Monday, October 12, 2020

When It Comes to Group Conflict, We’ve Been Tricked

Here are three things about group conflict that managers and researchers think they know: Group conflict is common, it continues unless there is an intervention, and it reduces group performance. Are they correct? Actually, they are wrong, wrong, and wrong. These are the conclusions from research on group conflict done by Priti Pradhan Shah, Randall S. Peterson, Stephen L. Jones, and Amanda J. Ferguson and published in an article in Administrative Science Quarterly.

Why is there a gap between managerial belief and reality and – even worse (for scholars) – between research and reality? To start, let’s take groups apart. Group conflict means that there is conflict among most or all of a group’s members. But many groups contain a difficult person who creates conflicts, and these are not actually group conflicts because they center on that individual. Other groups contain people who pair up poorly and are in conflict with each other, and such dyads are not group conflicts either. The problem is that such conflicts can be confusing because the difficult person (and perhaps people in contact with him or her) thinks the group has a conflict, and so do the poorly paired people. Some things that look like group conflict are not.

Now look at conflicts over time. Do they stay the same if there is no intervention? Actually, they can shrink, stay the same, or grow. That is true both for true group conflicts and for individual or dyad conflicts. Many conflicts that occur in groups become group conflicts only if they grow; otherwise they stay minor or even disappear. Finally, consider how conflict affects performance. The common belief is that conflict worsens performance because it cuts down communication and joint problem solving. That seems intuitive, but it also seems to hold mainly if the conflict is a true group conflict rather than one involving an individual or a dyad. I certainly know how to work around a difficult individual, and I bet you do too.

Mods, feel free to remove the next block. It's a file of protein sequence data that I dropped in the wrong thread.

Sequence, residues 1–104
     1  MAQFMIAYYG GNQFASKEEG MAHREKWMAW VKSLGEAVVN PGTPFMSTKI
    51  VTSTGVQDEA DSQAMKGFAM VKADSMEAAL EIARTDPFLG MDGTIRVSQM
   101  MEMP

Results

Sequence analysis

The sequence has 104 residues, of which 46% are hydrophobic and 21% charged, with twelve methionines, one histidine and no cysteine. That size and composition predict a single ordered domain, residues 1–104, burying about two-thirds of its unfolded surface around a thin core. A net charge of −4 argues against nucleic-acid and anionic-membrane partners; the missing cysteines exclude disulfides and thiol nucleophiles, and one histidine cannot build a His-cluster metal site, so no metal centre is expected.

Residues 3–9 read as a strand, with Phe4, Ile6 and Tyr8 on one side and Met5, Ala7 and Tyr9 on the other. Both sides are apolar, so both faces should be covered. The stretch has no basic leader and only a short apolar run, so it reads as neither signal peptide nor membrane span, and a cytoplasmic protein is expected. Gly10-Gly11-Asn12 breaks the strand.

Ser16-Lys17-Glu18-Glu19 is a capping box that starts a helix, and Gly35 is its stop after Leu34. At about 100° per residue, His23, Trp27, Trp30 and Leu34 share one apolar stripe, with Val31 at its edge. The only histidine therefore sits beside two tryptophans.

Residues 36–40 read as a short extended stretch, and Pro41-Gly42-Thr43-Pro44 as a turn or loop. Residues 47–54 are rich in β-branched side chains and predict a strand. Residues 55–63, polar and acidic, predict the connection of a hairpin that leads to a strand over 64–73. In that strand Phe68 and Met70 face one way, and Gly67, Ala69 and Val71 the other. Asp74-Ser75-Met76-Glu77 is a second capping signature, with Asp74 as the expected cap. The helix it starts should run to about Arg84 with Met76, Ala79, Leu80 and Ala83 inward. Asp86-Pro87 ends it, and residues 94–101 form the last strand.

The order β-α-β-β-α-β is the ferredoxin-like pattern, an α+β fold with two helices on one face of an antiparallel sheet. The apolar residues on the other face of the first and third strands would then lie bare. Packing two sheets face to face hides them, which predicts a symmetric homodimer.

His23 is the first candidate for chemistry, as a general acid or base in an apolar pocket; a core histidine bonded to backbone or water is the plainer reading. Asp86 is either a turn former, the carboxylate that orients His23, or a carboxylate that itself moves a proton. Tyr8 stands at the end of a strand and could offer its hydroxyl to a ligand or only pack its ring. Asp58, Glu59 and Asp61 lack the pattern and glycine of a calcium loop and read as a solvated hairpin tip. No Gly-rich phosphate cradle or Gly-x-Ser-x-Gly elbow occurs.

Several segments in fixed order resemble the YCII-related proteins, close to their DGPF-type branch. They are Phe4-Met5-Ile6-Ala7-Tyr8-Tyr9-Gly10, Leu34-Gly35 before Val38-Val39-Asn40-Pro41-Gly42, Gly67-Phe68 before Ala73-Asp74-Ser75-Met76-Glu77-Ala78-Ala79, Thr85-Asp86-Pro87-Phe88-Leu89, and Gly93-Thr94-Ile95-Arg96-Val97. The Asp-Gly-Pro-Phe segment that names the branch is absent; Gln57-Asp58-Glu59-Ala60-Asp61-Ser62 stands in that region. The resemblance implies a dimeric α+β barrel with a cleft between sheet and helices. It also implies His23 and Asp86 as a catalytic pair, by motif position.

The authors present data on how many conflicts within teams start out as true group conflicts. In one set of teams, it was only 14 percent. So, most of the conflicts occurring in the groups they studied were not group conflicts, at least not at first. How many conflicts grew over time? 24 percent of those that were not group conflicts to begin with. Most of the rest stayed the same, and a few shrank. Taking into account conflicts that grew, 28 percent of the teams experienced group conflict at some time. Another study in this article shows similar percentages at the start but fewer conflicts that grew to the team level.   

What about group performance? The low level of group conflict is good news, with most groups doing quite well because their conflict – if there is any – involves only a few members. The news is even better, in fact, because groups with individual or dyad conflicts have higher performance than groups with no conflict. How can this be? To me, it looks a lot like the findings from research on minority effects on jury deliberations. Having one or more members disagree with the rest of the group can be stressful, but it has the benefit of providing a deeper consideration of how to best conduct the work. Even if those members are wrong, they improve the group’s performance by forcing the rest of the group to consider their processes more carefully.

Being wrong about so much should be a serious call to reconsider what we know about groups. There is an important reason that managers and researchers are so often wrong: It is easy to confuse some group members’ feelings that there is conflict with an actual group conflict. Individual impressions do not mean much unless they are connected with actual examination of the group, which many managers and researchers overlook because they take the statements of the noisy individual or dyad to be the whole story. Management is about the big picture, but it must also be about attention to detail.

Shah, P. P., R. S. Peterson, S. L. Jones, and A. J. Ferguson. 2020 "Things Are Not Always What They Seem: The Origins and Evolution of Intragroup Conflict." Administrative Science Quarterly, forthcoming.

1 comment:

  1. This research is ground-breaking. I have been really fascinated by the political coalition visions of decision making from the Carnegie School. Even this work is not directly at the level of subunits level but the astounding discoveries really challenge our traditional thinking.

    I really like your explanation for why we are holding wrong beliefs for so long — "many managers and researchers overlook because they take the statements of the noisy individual or dyad to the whole story."

    Thanks a lot Prof. Henrich, for helping publishing this research which is so important for a student who is serious about investigating the political coalition view of organizational decision making.